Audio

Traditions That Ring a Bell

Abstract

Jews have lived scattered across the world for thousands of years, resulting in traditions with underlying similarities yet are often unrecognizable from one another. What are some of the similarities and differences between different Jewish communities’ life cycle and holiday events? Is it important to preserve the diversity and differences of Jewish culture as they manifest in various communities? In this lesson, learners will listen to recordings from Jewish holiday and life cycle events across time and place. They will have the opportunity to categorize and organize the musical data presented through primary sources by matching recordings to traditions (country of origin and life cycle event). In addition to listening to the melodies and prayers of communities unlike their own, students can explore the history behind their own community tunes and traditions.

Lesson Attachments​

The learner will:

  1. understand the role and importance of cultural traditions in maintaining the life of a Jewish community

  2. know some of the cultural similarities and differences among Jewish communities

be able to present a melody, prayer, or song that is special or unique to them and their family or community

About the National Library and its educational materials:

The mission of the National Library of Israel is to provide a home for items of national, historic or cultural significance. Each of these primary sources serve as unique entry points into the collective memory of the people of Israel as well as the Jewish people worldwide.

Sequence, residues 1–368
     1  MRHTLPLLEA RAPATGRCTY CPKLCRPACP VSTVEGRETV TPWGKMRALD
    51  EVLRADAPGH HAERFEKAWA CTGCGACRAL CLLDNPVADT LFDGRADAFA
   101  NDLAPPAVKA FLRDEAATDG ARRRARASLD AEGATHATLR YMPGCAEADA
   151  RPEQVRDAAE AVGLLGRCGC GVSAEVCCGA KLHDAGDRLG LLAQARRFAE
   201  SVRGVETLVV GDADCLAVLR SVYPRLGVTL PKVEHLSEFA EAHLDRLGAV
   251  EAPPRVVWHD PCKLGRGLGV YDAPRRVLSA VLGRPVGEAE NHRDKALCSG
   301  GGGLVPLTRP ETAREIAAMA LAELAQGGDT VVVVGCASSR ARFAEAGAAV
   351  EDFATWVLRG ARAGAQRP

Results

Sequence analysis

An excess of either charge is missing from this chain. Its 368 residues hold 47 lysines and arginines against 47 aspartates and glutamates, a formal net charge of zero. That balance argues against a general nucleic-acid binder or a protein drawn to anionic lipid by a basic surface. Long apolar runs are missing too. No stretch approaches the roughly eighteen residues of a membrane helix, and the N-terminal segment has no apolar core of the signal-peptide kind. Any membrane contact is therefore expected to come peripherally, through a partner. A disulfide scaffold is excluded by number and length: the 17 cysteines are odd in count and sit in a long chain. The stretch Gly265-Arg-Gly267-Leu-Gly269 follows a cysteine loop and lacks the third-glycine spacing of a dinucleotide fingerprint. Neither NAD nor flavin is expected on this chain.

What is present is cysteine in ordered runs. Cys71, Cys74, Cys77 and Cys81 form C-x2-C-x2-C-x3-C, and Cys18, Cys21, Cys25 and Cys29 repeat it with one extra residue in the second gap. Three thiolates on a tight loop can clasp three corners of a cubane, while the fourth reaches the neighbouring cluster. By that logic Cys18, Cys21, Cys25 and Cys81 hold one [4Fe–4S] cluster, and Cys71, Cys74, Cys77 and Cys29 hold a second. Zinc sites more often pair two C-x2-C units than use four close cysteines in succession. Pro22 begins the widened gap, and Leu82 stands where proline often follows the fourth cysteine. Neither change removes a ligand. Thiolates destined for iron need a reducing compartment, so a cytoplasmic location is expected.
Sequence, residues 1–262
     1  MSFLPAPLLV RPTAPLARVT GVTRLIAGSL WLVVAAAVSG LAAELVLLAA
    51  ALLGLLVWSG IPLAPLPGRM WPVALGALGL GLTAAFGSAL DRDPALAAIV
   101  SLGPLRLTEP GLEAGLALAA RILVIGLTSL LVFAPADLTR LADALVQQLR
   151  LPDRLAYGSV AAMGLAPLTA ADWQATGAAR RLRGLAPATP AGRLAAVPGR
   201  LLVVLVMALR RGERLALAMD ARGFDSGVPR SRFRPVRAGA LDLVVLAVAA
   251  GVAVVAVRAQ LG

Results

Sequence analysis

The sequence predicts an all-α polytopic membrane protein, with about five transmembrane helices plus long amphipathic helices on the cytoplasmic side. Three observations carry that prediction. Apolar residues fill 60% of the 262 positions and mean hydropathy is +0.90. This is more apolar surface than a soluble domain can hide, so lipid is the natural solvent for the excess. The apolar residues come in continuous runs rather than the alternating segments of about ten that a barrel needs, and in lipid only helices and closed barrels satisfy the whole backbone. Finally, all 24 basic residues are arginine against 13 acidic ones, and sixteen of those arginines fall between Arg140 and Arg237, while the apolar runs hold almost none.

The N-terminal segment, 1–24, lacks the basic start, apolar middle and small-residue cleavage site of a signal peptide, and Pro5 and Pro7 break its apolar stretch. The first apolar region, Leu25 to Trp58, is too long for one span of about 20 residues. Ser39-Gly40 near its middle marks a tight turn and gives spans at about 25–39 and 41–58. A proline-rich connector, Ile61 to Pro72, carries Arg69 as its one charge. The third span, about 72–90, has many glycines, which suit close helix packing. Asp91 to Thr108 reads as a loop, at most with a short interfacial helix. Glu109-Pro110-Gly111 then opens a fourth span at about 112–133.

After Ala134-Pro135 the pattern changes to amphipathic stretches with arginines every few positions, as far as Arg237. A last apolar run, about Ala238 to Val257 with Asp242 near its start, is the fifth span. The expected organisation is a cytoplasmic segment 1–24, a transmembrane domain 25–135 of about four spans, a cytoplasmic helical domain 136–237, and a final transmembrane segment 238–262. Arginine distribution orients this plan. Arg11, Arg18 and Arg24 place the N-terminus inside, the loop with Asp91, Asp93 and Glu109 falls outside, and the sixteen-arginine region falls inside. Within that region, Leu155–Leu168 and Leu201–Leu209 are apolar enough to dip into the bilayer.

The education department at the library curates the collection of primary sources and uses them as windows into the past; to foster a deeper understanding of Jewish history, and to enable learners to personalize and connect to earlier events.

 

When you click on the National Library of Israel resource link featured above, you will find the following educational building blocks for the creation of a lesson plan:

  1. A group activity to open the lesson and engage the learners.

  2. Discussion ideas and/or questions that are designed to get the learners thinking more deeply about the content.

  3. A creative activity that gives students the opportunity to go beyond learning and analyzing, to crafting something new, that personalizes how they relate to the  primary sources featured in the resource.

  4. The primary sources in this resource have individual links (listed in Expand your horizons below) that provide expanded information. In addition there are nuanced discussion questions that will enable students in small groups to engage independently and effectively in the process of  observing, interpreting, and connecting to the primary sources.

Student Handouts, computer, projector

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